The Mrs. has been gushing over Google’s new $200 7” tablet all week now. While this pint size powerhouse is truly a wonder to behold, there are a number annoyances to work around as well. Today we outline some of the device’s superficial failings and discuss how to fix ‘em.
1) My God, It’s Full of Ads – One of the first things that you're sure to notice about the Nexus 7 is the attractive, Kindle Fire-esque colorful mosaic of images that dominates the first two pages of your home screen showcasing all manner of media available for the device. The second thing you’re likely to notice is the space hogging Kindle Fire-esque display wasting the first two pages of your home screen hocking wares from Google Play in a random clutter of marketing posters.
Fortunately, these widgets are simplicity itself to remove. Tap and hold on the top of the offending widget and drag it off the top of the screen where the word “Remove” appears.
2) Headphones Not Working? – We found ourselves rather perplexed after connecting a pair of earbuds to the Nexus 7 for the first time. They didn’t work. No matter the app or sound settings, all sound continued to come out of the tablet’s speakers. As it turns out, you may have to push surprisingly hard to get the headphone jack to connect. A Google search revealed that our conundrum was not an isolated incident.
3) No Screen Tilt, Rotation, or Landscape Mode? – By the time I finally got a little hands-on time with the Mrs’ new “baby”, the Nexus had been drained of power and pugged into it’s USB charge cable. Flipping the tablet on its side to keep the offending plug out of my way, I was greeted with only a sideways display. Perplexed, I tried turning it upside down. Now I was looking at an upside down home screen. The Nexus 7 wouldn’t rotate the display any direction in any app. Even the web browser would not rotate to landscape mode.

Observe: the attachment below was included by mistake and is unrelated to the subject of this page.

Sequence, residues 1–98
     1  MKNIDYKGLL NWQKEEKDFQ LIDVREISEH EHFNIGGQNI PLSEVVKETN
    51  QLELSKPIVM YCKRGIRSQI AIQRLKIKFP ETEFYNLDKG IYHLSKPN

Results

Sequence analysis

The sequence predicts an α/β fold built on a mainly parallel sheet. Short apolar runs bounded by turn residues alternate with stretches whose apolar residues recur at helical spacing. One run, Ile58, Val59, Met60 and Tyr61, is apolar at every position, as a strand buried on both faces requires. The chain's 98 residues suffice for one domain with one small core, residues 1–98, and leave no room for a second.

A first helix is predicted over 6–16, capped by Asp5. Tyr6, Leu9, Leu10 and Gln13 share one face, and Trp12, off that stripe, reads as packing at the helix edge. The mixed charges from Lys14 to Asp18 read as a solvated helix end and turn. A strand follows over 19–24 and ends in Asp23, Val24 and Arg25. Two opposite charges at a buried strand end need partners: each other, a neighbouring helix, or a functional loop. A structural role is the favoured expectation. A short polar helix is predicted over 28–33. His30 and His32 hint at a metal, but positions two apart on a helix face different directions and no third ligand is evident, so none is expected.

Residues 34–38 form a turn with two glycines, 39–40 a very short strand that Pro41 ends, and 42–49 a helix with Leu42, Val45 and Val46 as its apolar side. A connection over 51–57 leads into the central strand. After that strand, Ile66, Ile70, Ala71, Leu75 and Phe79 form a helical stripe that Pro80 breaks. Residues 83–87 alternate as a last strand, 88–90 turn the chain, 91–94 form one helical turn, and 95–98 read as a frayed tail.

The solution was found in the Nexus 7’s settings menu. Swipe down on the notification center and tap the settings icon (circled above). Tap on “Accessibility” and check mark “Auto-rotate screen”. Even with this setting enabled, the Nexus 7’s home screen will not rotate, but at least the apps will. Update: Home screen rotation added in Android 4.1.2 update.
4) Gimme My Amazon Stuff! – Sure, the Google Play store has a lot of great stuff, but what if you’ve already built a library using Amazon’s competing service? Getting a hold of your music and books are simplicity itself. Amazon MP3 and Kindle ebooks both have apps available directly in Google Play.
Installing the Amazon Appstore for Android to download your apps is a little more involved. To Install Amazon Appstore for Android click on this link for Amazon, type your email address into the “Getting Started” box on the top right, and follow the instructions on that page. Once the app has installed, tap Open. Log into your Amazon account and download away.
Once you have the Amazon apps installed you can tap and drag any of the pre-installed Google applications out of your shortcut bar at the bottom of the screen and drag in their Amazon replacements (or any other app, for that matter).
As for Amazon’s video streaming service… Well, that’s an even stickier wicket. At the time of this writing, there is no app available for Amazon video. We have managed to cook up a workaround for getting Amazon Prime streaming to work however. It involves…
5) Installing Flash on the Nexus 7 – While Adobe may have stopped developing Flash for mobile devices and, as of v.4.1 Jelly Bean, Google is no longer including it as a part of the Android OS, there is no good reason why we can’t install the older version of Flash! Sadly, attempting to install Flash from Google Play generates and message that the Nexus 7 is not compatible. Fortunately, this is… not quite accurate.
Francis Scardino over at Gear Diary has already written a perfect tutorial for installing Flash on the Nexus 7. We actually followed these instructions using both his hosted version of the Flash .apk as well as the recommendation of xScope as a compatible browser. We’ve been able to successfully stream video from both Amazon and Ultraviolet using xScope once Flash was installed.